Spring 2012

Spring 2012
by ani

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Yes, it's possible With the focus stack you could estimate a depth map of the scene. Then this map is used to selectively blur the image to emulate the effect of shallower depth of field. See for example: https://graphics.stanford.edu/papers/focalstack/ You could of course use other methods to generate the depth map, such as moving the camera (as the ...


If opening the aperture all the way (possibly using a very low ISO and/or an ND filter) still doesn't get you low enough depth of field, the chances are you need a faster lens (one with a wider aperture). Pushing or pulling the focus and stacking is unlikely to help more than a tiny bit as the sharpness falls off fastest close to the focus. Fake bokeh ...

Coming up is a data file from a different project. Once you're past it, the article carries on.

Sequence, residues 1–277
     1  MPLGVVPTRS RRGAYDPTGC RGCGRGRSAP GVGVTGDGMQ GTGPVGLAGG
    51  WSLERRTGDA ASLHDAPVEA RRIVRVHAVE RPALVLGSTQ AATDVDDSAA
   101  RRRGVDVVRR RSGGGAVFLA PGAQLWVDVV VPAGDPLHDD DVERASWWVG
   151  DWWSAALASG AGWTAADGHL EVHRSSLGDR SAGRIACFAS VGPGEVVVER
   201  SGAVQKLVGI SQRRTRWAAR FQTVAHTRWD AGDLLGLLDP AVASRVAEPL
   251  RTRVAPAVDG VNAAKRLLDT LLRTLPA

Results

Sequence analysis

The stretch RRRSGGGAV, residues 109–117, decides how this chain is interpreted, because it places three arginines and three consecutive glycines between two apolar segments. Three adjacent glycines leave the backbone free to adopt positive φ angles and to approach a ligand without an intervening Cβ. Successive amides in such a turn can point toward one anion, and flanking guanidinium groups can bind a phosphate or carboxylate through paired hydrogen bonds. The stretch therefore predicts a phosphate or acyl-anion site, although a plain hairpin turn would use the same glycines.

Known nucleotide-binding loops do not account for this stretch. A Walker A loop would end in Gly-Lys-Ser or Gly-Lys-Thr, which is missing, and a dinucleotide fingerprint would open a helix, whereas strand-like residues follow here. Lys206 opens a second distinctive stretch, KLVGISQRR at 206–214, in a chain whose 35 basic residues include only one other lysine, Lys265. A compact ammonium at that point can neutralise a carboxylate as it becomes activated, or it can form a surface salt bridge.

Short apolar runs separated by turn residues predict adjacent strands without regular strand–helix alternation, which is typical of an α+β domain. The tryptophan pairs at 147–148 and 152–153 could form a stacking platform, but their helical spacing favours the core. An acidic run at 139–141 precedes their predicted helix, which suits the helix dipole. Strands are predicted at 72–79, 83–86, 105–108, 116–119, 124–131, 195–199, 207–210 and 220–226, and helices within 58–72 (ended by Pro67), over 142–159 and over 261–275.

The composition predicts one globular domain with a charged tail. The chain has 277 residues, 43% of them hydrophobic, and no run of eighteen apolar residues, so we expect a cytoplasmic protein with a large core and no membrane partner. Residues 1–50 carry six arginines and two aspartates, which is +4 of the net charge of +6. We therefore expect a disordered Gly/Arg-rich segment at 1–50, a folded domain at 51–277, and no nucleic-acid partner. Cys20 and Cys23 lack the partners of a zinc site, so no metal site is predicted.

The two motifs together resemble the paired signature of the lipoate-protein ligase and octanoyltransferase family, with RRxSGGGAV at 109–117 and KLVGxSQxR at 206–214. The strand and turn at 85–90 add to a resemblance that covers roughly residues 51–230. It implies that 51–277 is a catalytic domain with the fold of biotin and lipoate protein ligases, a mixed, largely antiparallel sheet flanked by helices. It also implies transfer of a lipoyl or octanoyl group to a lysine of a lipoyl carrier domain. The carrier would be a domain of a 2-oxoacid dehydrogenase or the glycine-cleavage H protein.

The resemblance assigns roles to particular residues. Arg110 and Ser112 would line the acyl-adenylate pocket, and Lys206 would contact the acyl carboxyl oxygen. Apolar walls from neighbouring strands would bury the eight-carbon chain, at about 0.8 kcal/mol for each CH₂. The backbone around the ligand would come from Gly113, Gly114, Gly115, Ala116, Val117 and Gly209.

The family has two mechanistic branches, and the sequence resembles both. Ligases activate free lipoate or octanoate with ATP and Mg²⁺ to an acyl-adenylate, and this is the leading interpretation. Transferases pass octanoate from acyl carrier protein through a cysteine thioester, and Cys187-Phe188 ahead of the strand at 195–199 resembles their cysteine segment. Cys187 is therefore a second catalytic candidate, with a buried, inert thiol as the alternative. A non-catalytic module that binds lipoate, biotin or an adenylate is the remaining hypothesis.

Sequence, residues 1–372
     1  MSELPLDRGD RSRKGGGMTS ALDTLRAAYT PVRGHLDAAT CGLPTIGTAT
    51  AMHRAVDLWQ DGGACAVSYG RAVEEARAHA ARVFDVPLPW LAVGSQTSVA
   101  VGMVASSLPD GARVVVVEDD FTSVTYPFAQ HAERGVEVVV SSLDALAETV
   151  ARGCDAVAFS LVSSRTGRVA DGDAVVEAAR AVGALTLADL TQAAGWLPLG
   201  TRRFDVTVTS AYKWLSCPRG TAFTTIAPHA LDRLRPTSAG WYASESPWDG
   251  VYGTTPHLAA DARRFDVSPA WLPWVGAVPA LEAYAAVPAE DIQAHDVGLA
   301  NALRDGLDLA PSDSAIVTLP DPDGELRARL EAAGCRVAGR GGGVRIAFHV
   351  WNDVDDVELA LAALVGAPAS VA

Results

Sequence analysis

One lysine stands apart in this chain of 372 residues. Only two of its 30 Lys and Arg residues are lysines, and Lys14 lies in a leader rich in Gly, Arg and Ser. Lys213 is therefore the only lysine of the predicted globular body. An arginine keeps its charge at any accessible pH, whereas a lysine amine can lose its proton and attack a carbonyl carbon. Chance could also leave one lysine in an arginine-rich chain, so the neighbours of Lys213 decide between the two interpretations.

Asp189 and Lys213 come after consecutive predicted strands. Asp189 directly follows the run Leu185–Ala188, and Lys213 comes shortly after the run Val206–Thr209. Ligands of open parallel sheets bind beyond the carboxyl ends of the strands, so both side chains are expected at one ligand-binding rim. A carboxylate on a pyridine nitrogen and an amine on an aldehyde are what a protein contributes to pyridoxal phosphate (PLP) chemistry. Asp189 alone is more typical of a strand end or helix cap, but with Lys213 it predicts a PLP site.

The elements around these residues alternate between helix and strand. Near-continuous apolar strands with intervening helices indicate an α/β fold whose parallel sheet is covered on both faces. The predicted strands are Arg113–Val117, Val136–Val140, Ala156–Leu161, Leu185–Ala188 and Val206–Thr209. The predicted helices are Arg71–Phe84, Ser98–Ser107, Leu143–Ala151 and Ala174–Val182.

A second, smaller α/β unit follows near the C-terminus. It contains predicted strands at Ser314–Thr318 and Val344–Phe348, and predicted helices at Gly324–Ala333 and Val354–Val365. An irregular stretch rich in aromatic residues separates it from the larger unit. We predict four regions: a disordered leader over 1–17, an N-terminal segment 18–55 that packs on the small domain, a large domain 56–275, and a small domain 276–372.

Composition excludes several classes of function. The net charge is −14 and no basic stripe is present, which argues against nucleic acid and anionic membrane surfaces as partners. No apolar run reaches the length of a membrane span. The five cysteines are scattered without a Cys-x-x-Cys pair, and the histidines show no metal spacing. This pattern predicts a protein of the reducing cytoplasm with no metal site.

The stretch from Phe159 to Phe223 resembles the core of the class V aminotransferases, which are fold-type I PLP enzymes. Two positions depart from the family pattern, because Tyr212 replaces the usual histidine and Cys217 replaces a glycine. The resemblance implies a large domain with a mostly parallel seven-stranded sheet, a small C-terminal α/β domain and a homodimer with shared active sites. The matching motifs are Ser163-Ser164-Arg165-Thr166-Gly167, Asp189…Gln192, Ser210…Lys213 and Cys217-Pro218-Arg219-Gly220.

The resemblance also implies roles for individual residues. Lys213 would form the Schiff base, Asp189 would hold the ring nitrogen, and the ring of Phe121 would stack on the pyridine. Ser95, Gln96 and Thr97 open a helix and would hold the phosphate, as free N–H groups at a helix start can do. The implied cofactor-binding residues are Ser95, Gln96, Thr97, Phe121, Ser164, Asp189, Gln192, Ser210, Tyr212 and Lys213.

Yes, although it is actually a bit different than what you described; it is most typically referred to as the Brenizer Method. See this question for much more info: What is "bokeh panorama" (also called the "Brenizer method")?

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